Daily Archives: September 22, 2008

Project update on Metro I-10 West transit study released

[Source: Monica Hernandez, Valley Metro]Click here to download a project update (in PDF format) of the Metro I-10 West High Capacity Transit Study.  For more information, call Monica Hernandez by phone at 602-322-4427 or by e-mail.

With flu season approaching, Phoenix residents urged to get vaccinated

It’s that time of year again, and Community Information & Referral has the latest news on where you can get your flu shot (if not provided by your primary care physician).  CIR has made it easier to find flu shot clinics near you by indexing flu shot providers by the counties they serve and by what kind of insurance they accept.  Click here to begin your online search.  Or, call 602-263-8856.

In general, anyone who wants to reduce their chances of getting the flu can get vaccinated.  However, it is recommended by the national Advisory Committee on Immunization Practices (ACIP) that certain people should get vaccinated each year.  They are either people who are at high risk of having serious flu complications or people who live with or care for those at high risk for serious complications, such as:

  • Children aged 6 months up to their 19th birthday
  • Pregnant women
  • People 50 years of age and older
  • People of any age with certain chronic medical conditions
  • People who live in nursing homes and other long-term care facilities
  • People who live with or care for those at high risk for complications from flu, including:
    • Health care workers
    • Household contacts of persons at high risk for complications from the flu
    • Household contacts and out of home caregivers of children less than 6 months of age (these children are too young to be vaccinated)

U.S. cities rethink wisdom of 50s-era parking standards (et tu Phoenix?)

[Source: Sarah Karush, Associated Press] — Alice and Jeff Speck didn’t have a car and didn’t want one.  But District of Columbia zoning regulations required them to carve out a place to park one at the house they were building.  It would have eaten up precious space on their odd-shaped lot and marred the aesthetics of their neighborhood, dominated by historic row houses.  The Specks succeeded in getting a waiver, even though it took nine months.

Like nearly all U.S. cities, D.C. has requirements for off-street parking.  Whenever anything new is built — be it a single-family home, an apartment building, a store, or a doctor’s office — a minimum number of parking spaces must be included.  The spots at the curb don’t count: These must be in a garage, a surface lot, or a driveway.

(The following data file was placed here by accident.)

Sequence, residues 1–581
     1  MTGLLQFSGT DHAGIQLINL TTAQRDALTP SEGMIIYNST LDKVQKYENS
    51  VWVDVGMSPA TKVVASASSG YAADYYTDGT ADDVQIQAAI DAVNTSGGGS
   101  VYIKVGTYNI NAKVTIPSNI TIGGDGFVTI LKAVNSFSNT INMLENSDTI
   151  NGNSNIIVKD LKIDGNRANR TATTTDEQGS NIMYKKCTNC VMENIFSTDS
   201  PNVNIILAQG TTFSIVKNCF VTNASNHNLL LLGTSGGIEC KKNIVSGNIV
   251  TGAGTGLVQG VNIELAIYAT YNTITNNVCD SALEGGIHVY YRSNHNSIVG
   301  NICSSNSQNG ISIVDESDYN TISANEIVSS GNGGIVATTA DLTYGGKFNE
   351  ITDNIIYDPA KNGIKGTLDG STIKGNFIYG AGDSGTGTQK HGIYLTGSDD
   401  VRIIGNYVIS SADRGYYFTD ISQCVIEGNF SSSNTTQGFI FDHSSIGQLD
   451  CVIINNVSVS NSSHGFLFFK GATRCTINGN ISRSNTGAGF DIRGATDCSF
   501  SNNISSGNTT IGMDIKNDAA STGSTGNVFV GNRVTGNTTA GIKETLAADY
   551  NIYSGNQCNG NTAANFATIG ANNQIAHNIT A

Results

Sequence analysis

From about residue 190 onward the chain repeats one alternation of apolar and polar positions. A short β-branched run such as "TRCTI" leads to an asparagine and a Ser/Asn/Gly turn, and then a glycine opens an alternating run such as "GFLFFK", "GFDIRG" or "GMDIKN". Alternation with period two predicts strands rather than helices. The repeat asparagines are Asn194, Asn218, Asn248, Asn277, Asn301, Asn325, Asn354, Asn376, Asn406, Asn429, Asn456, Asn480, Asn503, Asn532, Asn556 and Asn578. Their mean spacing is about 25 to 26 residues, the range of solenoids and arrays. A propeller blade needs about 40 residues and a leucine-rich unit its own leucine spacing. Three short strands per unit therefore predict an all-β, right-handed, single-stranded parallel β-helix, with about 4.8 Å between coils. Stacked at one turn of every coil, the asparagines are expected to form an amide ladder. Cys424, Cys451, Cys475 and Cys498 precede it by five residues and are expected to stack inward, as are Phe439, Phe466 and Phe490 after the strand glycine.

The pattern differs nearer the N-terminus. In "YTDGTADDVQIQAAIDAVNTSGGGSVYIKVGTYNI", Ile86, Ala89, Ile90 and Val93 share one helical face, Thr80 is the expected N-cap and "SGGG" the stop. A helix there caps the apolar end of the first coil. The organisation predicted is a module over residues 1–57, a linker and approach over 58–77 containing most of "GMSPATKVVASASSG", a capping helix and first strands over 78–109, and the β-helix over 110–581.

D.C. is now considering scrapping those requirements — part of a growing national trend.  Officials hope that offering the freedom to forgo parking will lead to denser, more walkable, transit-friendly development.  Opponents say making parking more scarce will only make the city less hospitable.  Commuters like Randy Michael of Catharpin, VA complain they are already forced to circle for hours in some neighborhoods.  “Today I had an 11:30 meeting and I had to plan an extra hour just to park” said Michael, 49.  It ended up taking him 40 minutes to find a metered spot.

Advocates counter that parking is about more than drivers’ convenience; it can profoundly affect the look and feel of a city.  “Do you want to look like San Francisco or Los Angeles?” asked Donald Shoup, an urban planning professor at UCLA and author of “The High Cost of Free Parking.”  “New York or Phoenix?” (Shoup prefers San Francisco and New York — hard to park in, but highly walkable.)  [Note: To read the full article, click here.]

Driving through Phoenix’s Deck Park Tunnel (as thousands do each day)

The Papago Freeway Tunnel (also known as the Deck Park Tunnel) is part of Interstate 10 and cuts through downtown Phoenix, extending from approximately N. 3rd Ave. to N. 3rd St.  According to “hondarallyer,” it ranks as the 42nd longest vehicular tunnel in the United States at 2,887 feet.